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21 November 2007


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I had forgotten about the tour of Rebecca's room. Most impressive.

I think this scene provides some of the evidence for those people who look for a lesbian connection between Mrs. Danvers and Rebecca, at least on Mrs. Danvers part. This kind of obsession could come out of a grief for an intense love. Though I think it could also come out of the grief of a strange intense maternal-type love, too.

(Diana Rigg, who played Mrs. Danvers in a TV production, said in an interview that she thought Mrs. Danvers was not aware of the lesbian attraction she felt for Rebecca. I think that may be analyzing a literary character way too much.)

I found Beatrice and Giles interesting in this section. Giles is portrayed as pretty much a dimwit and no prize. And, I'm sorry, Beatrice is entertaining but a model for those early twentieth century British country aristocrats who are proud of how little they know. Yet these two have a good relationship. When Giles calls home while he's away, he talks with his wife and shares the news of what's going on where he is. He doesn't just talk with the servants the way Maxim does. When Giles comes home by train, Beatrice knows when he will be arriving and wants to be there to greet him.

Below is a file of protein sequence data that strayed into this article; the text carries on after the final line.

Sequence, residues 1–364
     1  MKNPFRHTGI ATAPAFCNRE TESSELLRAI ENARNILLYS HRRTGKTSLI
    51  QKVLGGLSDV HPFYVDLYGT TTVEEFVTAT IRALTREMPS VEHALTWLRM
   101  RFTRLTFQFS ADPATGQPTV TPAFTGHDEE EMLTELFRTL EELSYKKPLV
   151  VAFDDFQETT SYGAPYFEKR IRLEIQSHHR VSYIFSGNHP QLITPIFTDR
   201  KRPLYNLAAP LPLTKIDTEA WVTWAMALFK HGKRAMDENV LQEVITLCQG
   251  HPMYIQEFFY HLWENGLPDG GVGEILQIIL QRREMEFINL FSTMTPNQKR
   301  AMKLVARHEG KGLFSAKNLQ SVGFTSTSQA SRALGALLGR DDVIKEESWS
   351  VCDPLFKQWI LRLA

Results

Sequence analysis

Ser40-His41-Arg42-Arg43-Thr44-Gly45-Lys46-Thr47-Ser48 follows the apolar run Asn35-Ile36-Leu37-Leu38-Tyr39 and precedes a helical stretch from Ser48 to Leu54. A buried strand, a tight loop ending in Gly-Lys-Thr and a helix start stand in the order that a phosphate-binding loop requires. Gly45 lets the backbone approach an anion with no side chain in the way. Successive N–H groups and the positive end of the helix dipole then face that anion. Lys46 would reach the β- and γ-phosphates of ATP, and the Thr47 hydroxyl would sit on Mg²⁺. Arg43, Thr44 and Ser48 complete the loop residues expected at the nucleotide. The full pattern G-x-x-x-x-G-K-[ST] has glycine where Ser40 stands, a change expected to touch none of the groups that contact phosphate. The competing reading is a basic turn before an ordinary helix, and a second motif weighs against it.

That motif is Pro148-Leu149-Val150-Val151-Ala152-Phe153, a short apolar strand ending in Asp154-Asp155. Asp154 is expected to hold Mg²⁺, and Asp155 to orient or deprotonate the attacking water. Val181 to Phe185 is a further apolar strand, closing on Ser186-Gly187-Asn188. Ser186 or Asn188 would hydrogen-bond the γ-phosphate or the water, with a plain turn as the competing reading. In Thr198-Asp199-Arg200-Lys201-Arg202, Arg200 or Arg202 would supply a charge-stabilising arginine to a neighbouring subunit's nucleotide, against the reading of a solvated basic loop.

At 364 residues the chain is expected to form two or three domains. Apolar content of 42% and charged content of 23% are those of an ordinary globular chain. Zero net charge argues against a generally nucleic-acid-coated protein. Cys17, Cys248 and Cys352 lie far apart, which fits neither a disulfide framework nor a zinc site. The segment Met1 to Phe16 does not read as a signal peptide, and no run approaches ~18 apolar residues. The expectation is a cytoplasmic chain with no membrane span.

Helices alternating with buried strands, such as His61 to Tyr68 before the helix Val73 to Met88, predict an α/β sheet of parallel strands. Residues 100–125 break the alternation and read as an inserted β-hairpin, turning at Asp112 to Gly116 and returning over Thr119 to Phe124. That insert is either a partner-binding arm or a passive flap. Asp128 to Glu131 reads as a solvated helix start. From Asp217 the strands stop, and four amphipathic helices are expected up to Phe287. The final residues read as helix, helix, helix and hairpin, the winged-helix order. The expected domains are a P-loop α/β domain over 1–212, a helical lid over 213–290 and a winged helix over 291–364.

I don't see how anyone could ever mistake them for romantic figures. Yet they appear to have a good marriage.


Aargh! You've done such a good job with this series of posts that you've forced me to stop reading so that I can read the book instead!


I'll be back later to read and comment. I have to go make cranberry sauce. Here's my link: http://leakydinghy.blogspot.com/2007/11/great-read-chapters-13-15.html


I also wondered about whether Mrs deW2 secretly wanted Maxim to die and free her from Manderly, but forgot to jot it down. Wasn't it a nice feeling without him around? Until she visits the Beach of Death, as you so aptly named it.

I didn't notice what a great relationship Beatrice and her husband seem to have, Gail, it just seemed so normal! Which of course makes a great contrast to the de Winters.


Here's my link for the day:



I'm sure those who are no lover of Beatrice (Gail...) probably got a good chuckle from the part where Granny de Winter was shocked senseless by the idea that Beatrice gave anyone a BOOK as a gift. And, I'll admit, Giles Lacey at Christmas (and in general?) sounds like a cross between Prince Charles and Homer Simpson. But true love can be pretty unromantic.

Huge inconsistency by Mrs. DeW2 during the Awful Granny Visit. One minute she's saying, "I felt rather exhausted, and wondered, rather shocked at my callous thought, why old people were such a strain. WORSE THAN YOUNG CHILDREN OR PUPPIES BECAUSE ONE HAD TO BE POLITE." (Em-PHA-sis added.) But, by the bottom of that very page, she's wishing, "that I could lay my hands upon her face and take the years away." The she goes on to lament how everyone speaks to the old lady like she's a child, and yearns to know the old lady's thoughts. So. Is everyone in this book bipolar?


I'm finally caught up (ahead actually because I couldn't stop). I have to say, I didn't read any lesbian vibes in Mrs. Danvers' character, just creepy creepy creepiness. Also creepy was the way that Mrs. deW2 had wandered around the room examining things, smelling the nightgown, rather than being repulsed by the whole thing. Like she'd gotten caught up in the Cult of Rebecca, too.

What struck me as odd was that Mrs. D and Icky Favell were in Rebecca's room - it's strange enough that they're meeting in secret but what's in her room? Are they just feeling nostalgic?

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